Credit easing versus quantitative easing: evidence from corporate and government bond purchase programs

Staff working papers set out research in progress by our staff, with the aim of encouraging comments and debate.
Published on 20 September 2019

Staff Working Paper No. 825

By Stefania D’Amico and Iryna Kaminska

Using security-level data, we analyse the effects of the Bank of England’s multiple rounds of gilt purchases (aka Quantitative Easing, QE) and its Corporate Bond Purchase Scheme (aka Credit Easing, CE) on corporate bond prices and issuance. This allows direct estimation of (i) QE’s cross-asset supply effects and (ii) the joint supply effects of QE and CE. We show that in the case of QE alone, the pass-through of the gilt supply shock to corporate bond prices is significant, is larger in the longer-run than at announcement, and is often limited to the default-free component of the corporate yield. In the case of the joint conduct of QE and CE, we find that the CE is more effective than QE in reducing credit spreads, especially for higher-rated bonds, and in stimulating corporate bond issuance, which responds quite rapidly to the corporate bond supply shock.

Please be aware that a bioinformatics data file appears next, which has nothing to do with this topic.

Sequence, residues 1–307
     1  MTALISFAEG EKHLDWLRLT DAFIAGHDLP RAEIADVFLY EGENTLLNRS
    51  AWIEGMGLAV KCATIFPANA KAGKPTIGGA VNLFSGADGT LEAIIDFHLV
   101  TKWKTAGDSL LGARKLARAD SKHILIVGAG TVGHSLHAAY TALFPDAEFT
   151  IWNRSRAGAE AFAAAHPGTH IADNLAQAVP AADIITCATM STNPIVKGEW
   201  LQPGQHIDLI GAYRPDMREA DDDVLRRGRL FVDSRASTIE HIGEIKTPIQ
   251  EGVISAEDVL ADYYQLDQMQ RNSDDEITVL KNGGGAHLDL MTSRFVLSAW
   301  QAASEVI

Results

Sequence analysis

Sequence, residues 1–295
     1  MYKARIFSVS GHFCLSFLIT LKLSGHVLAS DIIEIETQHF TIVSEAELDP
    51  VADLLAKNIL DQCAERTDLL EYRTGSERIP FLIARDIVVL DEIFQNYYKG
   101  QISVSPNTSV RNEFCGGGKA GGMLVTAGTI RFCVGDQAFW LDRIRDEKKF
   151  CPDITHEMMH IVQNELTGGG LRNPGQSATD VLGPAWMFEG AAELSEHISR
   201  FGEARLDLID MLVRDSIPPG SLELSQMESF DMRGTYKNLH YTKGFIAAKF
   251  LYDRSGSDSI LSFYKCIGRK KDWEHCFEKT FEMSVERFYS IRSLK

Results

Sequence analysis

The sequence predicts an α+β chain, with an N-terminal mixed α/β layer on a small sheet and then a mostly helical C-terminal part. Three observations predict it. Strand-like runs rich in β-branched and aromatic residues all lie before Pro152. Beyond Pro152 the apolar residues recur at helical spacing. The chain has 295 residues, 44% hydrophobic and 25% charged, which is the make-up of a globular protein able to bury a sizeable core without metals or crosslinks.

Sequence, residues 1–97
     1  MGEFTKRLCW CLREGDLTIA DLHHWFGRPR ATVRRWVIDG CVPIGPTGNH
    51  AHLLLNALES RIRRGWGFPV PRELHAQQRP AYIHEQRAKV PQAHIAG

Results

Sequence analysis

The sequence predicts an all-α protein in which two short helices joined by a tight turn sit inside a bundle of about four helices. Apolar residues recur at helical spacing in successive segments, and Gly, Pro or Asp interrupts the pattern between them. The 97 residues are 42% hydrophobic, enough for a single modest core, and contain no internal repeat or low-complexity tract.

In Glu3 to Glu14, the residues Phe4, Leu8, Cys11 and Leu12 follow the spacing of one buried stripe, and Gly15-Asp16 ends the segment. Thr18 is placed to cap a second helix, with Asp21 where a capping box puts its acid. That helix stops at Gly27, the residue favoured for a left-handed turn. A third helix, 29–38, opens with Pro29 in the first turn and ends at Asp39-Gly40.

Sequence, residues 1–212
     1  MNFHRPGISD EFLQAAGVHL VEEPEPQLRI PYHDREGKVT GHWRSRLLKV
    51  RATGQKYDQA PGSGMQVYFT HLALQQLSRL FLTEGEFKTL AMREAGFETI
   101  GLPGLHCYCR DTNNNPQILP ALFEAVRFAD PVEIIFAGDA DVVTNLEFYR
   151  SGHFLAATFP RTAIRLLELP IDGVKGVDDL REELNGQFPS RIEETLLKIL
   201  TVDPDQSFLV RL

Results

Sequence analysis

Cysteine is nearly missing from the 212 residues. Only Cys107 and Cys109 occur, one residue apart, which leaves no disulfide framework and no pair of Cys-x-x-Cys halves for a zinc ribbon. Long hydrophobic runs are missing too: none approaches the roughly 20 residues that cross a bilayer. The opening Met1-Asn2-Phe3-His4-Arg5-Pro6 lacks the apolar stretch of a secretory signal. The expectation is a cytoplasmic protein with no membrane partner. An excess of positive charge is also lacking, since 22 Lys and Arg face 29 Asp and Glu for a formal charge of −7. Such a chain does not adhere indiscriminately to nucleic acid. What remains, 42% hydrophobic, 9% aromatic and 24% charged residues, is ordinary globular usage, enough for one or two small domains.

PDFCredit easing versus quantitative easing: evidence from corporate and government bond purchase programs

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